Modeling Temporal and Spatial Data Dependence with Bayesian Nonparametrics
In this thesis, temporal and spatial dependence are considered within nonparametric priors to help infer patterns, clusters or segments in data. In traditional nonparametric mixture models, observations are usually assumed exchangeable, even though dependence often exists associated with the space or time at which data are generated.
Focused on model-based clustering and segmentation, this thesis addresses the issue in different ways, for temporal and spatial dependence.
For sequential data analysis, the dynamic hierarchical Dirichlet process is proposed to capture the temporal dependence across different groups. The data collected at any time point are represented via a mixture associated with an appropriate underlying model; the statistical properties of data collected at consecutive time points are linked via a random parameter that controls their probabilistic similarity. The new model favors a smooth evolutionary clustering while allowing innovative patterns to be inferred. Experimental analysis is performed on music, and may also be employed on text data for learning topics.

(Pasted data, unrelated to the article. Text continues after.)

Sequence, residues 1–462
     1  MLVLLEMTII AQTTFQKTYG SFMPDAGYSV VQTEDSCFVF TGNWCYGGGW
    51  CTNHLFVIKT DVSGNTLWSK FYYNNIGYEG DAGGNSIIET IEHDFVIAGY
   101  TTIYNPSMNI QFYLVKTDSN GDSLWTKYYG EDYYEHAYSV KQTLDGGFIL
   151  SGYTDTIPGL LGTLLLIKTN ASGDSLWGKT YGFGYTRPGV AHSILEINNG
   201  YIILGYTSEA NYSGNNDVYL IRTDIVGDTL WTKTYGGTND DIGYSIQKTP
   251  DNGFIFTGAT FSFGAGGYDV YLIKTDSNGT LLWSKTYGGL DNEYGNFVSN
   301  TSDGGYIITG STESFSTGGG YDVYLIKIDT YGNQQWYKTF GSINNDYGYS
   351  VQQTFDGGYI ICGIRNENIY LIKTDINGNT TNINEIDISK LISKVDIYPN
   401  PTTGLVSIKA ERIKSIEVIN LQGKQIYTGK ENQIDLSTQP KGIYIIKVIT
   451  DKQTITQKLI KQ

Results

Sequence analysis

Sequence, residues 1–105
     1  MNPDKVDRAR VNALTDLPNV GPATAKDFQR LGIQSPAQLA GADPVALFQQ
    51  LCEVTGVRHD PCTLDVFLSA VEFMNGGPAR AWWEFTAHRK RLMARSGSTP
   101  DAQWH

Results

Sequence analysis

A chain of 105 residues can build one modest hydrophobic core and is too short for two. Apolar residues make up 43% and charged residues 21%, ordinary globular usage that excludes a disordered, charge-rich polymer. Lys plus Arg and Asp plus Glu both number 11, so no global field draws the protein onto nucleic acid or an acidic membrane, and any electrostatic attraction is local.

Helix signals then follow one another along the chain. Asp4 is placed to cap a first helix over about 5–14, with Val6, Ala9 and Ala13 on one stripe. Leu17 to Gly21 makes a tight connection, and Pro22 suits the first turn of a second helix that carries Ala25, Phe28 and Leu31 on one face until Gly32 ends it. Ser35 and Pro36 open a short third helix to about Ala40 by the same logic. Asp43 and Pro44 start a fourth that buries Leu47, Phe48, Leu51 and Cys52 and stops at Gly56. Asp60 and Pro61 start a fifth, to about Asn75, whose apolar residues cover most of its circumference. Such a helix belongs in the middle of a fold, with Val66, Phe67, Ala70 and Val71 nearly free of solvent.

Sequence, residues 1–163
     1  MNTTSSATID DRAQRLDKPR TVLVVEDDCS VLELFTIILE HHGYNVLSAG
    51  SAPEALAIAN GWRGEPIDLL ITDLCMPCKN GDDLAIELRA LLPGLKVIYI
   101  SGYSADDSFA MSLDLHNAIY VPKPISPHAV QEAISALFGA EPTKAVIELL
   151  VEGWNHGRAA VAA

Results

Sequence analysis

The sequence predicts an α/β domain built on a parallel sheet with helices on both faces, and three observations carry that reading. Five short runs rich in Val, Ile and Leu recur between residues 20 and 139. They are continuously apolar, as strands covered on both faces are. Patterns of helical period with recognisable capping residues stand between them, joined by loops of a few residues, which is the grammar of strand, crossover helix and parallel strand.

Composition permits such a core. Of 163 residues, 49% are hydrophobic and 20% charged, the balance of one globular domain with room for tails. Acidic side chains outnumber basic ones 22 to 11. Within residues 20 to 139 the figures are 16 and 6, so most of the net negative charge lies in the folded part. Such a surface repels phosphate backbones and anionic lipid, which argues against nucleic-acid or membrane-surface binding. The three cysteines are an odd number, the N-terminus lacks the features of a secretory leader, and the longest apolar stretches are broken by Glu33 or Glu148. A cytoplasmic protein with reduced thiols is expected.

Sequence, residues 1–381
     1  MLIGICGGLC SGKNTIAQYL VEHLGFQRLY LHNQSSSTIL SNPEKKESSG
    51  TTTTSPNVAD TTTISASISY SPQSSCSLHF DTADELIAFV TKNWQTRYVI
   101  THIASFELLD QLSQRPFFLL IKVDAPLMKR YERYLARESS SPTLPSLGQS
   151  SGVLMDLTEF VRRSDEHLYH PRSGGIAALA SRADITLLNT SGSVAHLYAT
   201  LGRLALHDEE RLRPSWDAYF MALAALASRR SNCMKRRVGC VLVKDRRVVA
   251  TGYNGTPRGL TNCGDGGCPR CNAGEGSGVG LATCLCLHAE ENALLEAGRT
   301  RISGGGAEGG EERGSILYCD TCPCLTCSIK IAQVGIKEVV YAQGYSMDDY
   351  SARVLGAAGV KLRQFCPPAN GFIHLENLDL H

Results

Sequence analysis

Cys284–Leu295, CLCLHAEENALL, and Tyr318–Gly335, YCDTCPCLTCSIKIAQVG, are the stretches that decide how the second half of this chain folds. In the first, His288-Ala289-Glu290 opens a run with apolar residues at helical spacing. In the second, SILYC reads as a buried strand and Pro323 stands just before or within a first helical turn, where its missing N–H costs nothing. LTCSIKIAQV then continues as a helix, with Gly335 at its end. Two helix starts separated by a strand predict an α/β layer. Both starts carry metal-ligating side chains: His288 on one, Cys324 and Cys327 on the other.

Spatially dependent data is more challenging to model due to its spatially-grid structure and often large computational cost of analysis. As a non-parametric clustering prior, the logistic stick-breaking process introduced here imposes the belief that proximate data are more likely to be clustered together. Multiple logistic regression functions generate a set of sticks with each dominating a spatially localized segment. The proposed model is employed on image segmentation and speaker diarization, yielding generally homogeneous segments with sharp boundaries.
In addition, we also consider a multi-task learning with each task associated with spatial dependence. For the specific application of co-segmentation with multiple images, a hierarchical Bayesian model called H-LSBP is proposed. By sharing the same mixture atoms for different images, the model infers the inter-similarity between each pair of images, and hence can be employed for image sorting.
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